Interview with Francis DeBernardo,
Executive Director of New Ways Ministry

by Sr. Camille D’Arienzo

From left: Maryland Gov. Martin O'Malley; Sr. Jeannine Gramick, co-founder of New Ways Ministry; and Francis DeBernardo. (Photo Credit: NCR)
From left: Maryland Gov. Martin O’Malley; Sr. Jeannine Gramick, co-founder of New Ways Ministry; and Francis DeBernardo. (Photo Credit: NCR)

SR. CAMILLE: Frank, you and I first met when you joined the staff of Brooklyn’s Tablet in 1981. What brought you to that newsroom? What did you hope to accomplish?

DEBERNARDO: After graduation from college in the spring of 1981, I had a job as a cook at a Catholic camp for special education children. When that ended, I had a full-time job as a social worker, but I was looking for a part-time job as a cook, and I noticed that The Tablet often ran want ads for weekend cooks for rectories. While I was perusing the want ads one week, I found an ad for a reporter job at The Tablet, which was, in some ways, my dream job because I wanted to be involved in church-related work and I wanted to improve my writing skills. I applied but had no expectations that I would get the job. After the interview, I learned that I had a job offer. I think that was the most ecstatic moment of my 22 and a half years.

SR. CAMILLE: Do you have memories of stories covered, relationships forged or lessons learned?

DEBERNARDO: I always think of my four years at The Tablet as my real religious education because I had the unique opportunity to see the church in action. At the time, the Brooklyn diocese under Bishop Francis Mugavero was one of the most dynamic in the country, with church people involved in every sort of ministry. The Tablet, under editor Don Zirkel, was the most exciting diocesan newspaper in the nation. It was not afraid to discuss any issue of concern, particularly if there was a justice element involved. It was not afraid to print all points of view on a topic.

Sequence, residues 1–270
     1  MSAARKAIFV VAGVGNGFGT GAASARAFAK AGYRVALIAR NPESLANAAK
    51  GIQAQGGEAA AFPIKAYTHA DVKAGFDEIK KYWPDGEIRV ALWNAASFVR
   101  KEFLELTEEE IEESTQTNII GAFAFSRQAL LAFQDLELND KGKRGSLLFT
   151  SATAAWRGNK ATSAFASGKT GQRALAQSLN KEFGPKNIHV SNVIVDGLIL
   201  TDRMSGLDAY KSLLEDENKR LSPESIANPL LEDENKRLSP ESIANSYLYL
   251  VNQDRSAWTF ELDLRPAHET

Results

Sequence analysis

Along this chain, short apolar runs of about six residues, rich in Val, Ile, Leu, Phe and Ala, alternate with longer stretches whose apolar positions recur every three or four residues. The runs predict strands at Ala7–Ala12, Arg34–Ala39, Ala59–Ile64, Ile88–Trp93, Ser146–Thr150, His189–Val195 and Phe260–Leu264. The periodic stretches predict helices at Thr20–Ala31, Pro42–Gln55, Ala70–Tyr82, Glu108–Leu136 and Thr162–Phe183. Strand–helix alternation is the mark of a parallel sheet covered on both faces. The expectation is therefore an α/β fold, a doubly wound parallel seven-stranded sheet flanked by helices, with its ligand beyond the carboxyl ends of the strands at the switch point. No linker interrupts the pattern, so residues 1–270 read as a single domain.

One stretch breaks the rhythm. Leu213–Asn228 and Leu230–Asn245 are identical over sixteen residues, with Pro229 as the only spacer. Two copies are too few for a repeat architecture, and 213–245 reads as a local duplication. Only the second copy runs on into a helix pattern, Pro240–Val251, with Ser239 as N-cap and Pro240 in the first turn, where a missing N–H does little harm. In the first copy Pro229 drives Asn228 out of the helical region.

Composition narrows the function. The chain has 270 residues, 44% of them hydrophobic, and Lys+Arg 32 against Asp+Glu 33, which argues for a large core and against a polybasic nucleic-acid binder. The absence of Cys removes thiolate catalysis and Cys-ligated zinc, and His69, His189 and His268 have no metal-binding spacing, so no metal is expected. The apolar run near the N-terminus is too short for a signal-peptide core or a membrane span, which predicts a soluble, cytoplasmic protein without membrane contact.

I loved being a reporter. I think it is one of the best jobs for someone fresh out of college because it gave me a chance to survey all sorts of lives and career opportunities. Almost every day, I was experiencing something new and meeting an incredible diversity of people, all living out their faith lives in exciting and unique ways. And as a reporter, I got to ask them any questions I wanted. It was an incredible opportunity for me to learn! Religion leaped out of the church and off the liturgical pages and into real life. I developed a strong Catholic identity there because I saw that being Catholic meant being involved in the joys, hopes and struggles of the world….

To read the entire interview, click here.

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